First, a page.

Sharika @ University of Bern
A field such as biomedical engineering can only thrive in a collaborative environment, and Switzerland has successfully established that. The University also encourages all its students, including interns, to attend conferences and PhD defences at the university to know more about the leading research work that is being undertaken and to motivate the students.
My name is Sharika Mahadevan. I am a fifth year Dual Degree student in IIT Madras. I was very excited when I learnt that I was awarded the ThinkSwiss Research Scholarship to fund my research internship in the University of Bern.
I was very excited for this opportunity as I got to be a full-fledged member of a diverse research groups solving some of the most exciting topics in cardiovascular engineering such as transcatheter heart valves, solar powered pacemakers or bettering information from MRI images.
Right from my very first day, I was very impressed by the level of organization in the group. Each individual project in the lab was somehow contorted to fit the larger vision of the team – to be the stalwarts in finding improvements to the various cardiovascular diseases or CVDs. I was also very grateful to the team for they were very welcoming and warm. Suddenly, I didn’t feel that far away from home. Because everyone is so approachable, you tend to learn far more, even in such a short period.
Working in the biomedical engineering field, I have come to realise the value of collaborations. Every solution that the lab produces is for the people. They collaborate with clinicians at Inselspital to identify the clinical unmet needs and with medical device companies and other universities to find ways together to address them and also to improve the existing solutions. A field such as biomedical engineering can only thrive in a collaborative environment, and Switzerland has successfully established that. The University also encourages all its students, including interns, to attend conferences and PhD defences at the university to know more about the leading research work that is being undertaken and to motivate the students.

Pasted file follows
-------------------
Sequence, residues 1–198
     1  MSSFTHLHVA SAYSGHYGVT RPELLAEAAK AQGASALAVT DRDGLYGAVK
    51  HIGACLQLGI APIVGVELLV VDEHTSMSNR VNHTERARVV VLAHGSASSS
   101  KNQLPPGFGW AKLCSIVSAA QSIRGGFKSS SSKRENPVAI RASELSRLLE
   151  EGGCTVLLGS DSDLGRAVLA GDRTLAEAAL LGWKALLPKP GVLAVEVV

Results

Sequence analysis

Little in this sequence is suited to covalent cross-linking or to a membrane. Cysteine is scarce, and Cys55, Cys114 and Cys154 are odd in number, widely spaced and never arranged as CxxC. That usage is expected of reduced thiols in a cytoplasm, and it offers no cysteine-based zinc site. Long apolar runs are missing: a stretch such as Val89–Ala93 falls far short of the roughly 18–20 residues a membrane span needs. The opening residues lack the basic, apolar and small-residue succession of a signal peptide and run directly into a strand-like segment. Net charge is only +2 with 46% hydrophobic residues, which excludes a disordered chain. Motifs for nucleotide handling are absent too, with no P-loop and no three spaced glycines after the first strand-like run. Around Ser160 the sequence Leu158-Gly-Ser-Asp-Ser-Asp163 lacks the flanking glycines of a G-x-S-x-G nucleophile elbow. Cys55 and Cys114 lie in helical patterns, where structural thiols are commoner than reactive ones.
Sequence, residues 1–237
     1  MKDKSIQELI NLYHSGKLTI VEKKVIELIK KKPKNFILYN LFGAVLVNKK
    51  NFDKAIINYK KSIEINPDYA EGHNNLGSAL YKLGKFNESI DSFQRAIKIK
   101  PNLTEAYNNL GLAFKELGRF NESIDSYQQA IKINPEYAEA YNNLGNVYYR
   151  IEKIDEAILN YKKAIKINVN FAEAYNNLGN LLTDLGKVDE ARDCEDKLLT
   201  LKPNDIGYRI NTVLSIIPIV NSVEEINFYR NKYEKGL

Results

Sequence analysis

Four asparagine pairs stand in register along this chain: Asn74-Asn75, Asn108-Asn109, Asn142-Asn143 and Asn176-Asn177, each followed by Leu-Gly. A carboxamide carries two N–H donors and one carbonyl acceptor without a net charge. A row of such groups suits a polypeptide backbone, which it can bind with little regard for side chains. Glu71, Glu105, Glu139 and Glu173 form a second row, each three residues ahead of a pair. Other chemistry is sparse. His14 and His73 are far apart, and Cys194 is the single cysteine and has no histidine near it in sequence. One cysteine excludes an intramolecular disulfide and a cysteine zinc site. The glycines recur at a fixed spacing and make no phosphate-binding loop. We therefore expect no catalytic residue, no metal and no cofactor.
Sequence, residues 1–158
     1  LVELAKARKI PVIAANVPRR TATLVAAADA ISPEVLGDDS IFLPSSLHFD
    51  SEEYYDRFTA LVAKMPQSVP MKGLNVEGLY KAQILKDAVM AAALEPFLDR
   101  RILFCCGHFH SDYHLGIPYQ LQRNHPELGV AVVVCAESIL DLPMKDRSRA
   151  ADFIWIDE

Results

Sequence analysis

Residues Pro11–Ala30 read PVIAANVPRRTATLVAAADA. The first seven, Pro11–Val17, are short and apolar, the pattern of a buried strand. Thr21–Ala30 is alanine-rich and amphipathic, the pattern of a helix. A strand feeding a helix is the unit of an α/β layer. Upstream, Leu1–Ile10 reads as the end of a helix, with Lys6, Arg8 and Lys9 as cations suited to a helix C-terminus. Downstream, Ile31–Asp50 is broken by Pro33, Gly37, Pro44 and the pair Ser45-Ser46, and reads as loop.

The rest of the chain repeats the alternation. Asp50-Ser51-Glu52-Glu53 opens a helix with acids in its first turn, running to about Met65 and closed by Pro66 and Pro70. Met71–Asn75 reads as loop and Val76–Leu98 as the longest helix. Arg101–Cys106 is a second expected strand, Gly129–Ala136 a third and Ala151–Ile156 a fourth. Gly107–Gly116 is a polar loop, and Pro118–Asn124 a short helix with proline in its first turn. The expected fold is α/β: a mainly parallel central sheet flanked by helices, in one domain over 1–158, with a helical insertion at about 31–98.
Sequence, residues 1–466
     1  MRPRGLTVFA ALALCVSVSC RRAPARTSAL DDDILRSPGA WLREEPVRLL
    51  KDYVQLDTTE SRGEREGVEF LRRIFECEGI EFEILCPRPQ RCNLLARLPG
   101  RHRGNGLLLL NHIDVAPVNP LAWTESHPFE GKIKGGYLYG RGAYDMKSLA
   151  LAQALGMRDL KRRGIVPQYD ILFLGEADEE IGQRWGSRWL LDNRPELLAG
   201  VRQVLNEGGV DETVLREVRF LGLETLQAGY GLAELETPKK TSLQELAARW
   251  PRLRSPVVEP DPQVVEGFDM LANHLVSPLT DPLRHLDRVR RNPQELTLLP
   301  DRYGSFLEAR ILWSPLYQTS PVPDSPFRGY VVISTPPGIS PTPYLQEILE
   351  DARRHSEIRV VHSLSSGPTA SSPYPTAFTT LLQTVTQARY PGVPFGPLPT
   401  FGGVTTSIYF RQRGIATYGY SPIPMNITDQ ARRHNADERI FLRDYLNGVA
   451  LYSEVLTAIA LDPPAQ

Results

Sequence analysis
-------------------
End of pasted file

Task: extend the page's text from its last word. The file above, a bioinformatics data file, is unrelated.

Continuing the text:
For my project, I’m primarily involved in Data Assimilation. Data Assimilation (DA) is a process by which possibly sparse and noisy measurement data (observed data) from a dynamical system are combined with a numerical model of that system (forward model) in order to obtain an improved prediction of the true state of the dynamical system. To this aim a DA algorithm based on Kalman Filtering is being already developed, in order to combine voxel-based 4D flow sparse data (in time and space) with a Direct Numerical Simulation (DNS) Navier—Stokes solver.
Apart from my project, I enjoy spending time with the people I have met here. I also enjoy swimming in the River Aare – one of my first experiences swimming in a lake. It’s just been 3 weeks since I have gotten to Switzerland and I am still as excited as I was on my first day. I highly recommend Switzerland, in particular for biomedical research, from my experience.